To be clear, no state ever did give the fake electors any legal recognition whatsoever. Nevertheless, all the fake certificates were sent to the National Archives and Congress. On December 17, White House Press Secretary Kayleigh McEnany stated that Congress would decide between the alternative slates of electors in January. However, the effort failed when the Senate Parliamentarian rejected the fake certificates. (Two of the seven, the certifications for Michigan and Wisconsin, failed to arrive before the statutory deadline. A last-ditch effort to deliver them to the Vice President personally also failed when his aide refused to accept them.)

Pressuring the Vice President to block Congressional certification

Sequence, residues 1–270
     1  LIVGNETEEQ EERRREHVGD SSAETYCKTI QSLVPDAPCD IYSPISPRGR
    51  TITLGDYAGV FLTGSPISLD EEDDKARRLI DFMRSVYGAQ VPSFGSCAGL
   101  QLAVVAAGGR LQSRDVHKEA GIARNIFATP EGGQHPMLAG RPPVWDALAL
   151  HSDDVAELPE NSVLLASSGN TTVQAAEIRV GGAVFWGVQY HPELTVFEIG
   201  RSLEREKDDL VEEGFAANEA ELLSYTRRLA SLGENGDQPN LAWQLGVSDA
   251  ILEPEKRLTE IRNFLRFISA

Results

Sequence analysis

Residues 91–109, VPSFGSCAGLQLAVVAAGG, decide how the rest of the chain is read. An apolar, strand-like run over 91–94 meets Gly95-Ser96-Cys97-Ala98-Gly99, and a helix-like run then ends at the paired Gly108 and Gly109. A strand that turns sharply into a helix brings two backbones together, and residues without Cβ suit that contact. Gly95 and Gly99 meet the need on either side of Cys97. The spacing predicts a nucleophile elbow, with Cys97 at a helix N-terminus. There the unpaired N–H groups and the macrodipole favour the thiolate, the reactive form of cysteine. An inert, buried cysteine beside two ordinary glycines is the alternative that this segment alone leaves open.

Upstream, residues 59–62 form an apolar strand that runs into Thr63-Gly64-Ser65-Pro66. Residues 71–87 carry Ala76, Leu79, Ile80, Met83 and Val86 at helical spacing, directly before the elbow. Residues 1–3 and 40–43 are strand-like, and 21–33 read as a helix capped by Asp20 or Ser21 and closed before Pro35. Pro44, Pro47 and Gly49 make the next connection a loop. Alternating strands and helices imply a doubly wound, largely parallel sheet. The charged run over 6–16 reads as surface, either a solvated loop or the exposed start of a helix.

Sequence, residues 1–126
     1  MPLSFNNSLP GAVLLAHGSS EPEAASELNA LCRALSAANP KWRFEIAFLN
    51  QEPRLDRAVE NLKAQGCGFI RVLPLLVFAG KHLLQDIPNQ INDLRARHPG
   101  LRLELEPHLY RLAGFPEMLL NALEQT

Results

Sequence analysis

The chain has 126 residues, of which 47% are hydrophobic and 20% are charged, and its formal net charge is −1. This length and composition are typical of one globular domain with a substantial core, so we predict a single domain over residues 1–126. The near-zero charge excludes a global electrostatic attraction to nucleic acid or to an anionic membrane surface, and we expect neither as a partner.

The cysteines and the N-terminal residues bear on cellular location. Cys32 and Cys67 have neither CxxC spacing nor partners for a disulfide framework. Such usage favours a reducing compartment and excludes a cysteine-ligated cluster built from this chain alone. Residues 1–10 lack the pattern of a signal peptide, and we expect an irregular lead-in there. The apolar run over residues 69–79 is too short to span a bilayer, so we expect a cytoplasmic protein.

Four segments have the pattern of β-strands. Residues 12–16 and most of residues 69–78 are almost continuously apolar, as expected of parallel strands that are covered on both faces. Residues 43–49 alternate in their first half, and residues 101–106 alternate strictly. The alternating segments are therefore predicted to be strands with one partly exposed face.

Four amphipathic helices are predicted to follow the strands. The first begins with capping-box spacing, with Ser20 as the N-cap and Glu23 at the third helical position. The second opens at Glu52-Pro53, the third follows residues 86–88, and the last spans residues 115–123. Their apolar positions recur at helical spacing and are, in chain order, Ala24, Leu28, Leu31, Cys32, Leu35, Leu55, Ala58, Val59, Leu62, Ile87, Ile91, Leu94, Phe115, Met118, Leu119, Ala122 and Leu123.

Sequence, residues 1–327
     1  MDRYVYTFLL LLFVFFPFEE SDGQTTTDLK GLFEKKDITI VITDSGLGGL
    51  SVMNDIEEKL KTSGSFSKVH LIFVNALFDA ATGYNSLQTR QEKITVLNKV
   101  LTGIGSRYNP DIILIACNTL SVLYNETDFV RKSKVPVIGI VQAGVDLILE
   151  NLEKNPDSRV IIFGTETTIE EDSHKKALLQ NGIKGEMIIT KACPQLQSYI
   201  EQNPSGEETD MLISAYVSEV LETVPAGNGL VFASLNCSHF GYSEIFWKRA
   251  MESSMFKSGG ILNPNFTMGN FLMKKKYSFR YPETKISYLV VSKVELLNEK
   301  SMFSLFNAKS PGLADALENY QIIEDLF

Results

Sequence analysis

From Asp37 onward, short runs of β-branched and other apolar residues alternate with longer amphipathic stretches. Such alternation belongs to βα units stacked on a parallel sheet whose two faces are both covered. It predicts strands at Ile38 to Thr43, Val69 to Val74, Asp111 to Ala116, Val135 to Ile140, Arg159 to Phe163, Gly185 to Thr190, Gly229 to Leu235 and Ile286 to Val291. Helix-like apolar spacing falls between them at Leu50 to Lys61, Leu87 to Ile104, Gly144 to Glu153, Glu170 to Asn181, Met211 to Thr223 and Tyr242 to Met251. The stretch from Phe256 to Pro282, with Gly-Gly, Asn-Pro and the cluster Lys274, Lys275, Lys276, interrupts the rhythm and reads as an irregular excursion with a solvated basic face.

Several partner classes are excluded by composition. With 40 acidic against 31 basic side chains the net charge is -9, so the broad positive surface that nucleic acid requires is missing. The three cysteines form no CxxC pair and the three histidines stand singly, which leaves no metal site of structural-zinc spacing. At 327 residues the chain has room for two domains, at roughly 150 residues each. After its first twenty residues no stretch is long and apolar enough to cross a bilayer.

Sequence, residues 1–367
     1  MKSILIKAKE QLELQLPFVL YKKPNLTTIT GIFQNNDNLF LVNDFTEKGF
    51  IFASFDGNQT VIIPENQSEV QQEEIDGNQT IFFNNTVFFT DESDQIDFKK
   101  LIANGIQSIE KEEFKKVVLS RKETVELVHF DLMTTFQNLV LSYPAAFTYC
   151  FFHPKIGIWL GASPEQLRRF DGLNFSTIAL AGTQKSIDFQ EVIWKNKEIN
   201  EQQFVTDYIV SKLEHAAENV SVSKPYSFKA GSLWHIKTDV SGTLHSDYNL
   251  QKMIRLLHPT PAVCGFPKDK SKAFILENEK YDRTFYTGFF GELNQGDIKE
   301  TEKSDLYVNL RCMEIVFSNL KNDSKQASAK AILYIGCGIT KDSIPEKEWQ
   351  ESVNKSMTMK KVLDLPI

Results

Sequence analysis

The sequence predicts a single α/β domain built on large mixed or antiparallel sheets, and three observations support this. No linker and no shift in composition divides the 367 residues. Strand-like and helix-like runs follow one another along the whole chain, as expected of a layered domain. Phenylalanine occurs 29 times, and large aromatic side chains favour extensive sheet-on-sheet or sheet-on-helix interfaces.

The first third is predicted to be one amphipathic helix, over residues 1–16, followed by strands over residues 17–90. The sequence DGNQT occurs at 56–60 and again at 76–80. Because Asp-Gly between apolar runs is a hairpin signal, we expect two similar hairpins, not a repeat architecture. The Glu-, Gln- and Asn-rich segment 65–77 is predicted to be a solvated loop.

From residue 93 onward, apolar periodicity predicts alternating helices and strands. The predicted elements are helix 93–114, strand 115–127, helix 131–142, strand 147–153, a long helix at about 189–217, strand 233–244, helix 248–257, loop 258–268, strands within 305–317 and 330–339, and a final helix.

The Select Committee concluded that the entire plan to overturn the election had one “underlying and fundamental feature,” and that was “the effort to get one man, Vice President Mike Pence, to assert and then exercise unprecedented and lawless powers to utilaterally alter the actual election outcome on January 6th.”

Even though they failed to get the fake electors certified by any state legislature, Trump and his co-conspirators hoped they would provide a pretext for the Vice President to reject the legitimate electors. That could throw the election into the House of Representatives, where voting would be by state delegation. Although Republicans had less than a majority of total seats, they did have a majority of state delegations because they controlled more small states. At the very least, Trump hoped that Pence would use the competing slates of electors as an excuse to suspend the proceedings, giving Republican-controlled legislatures more time to change their certifications.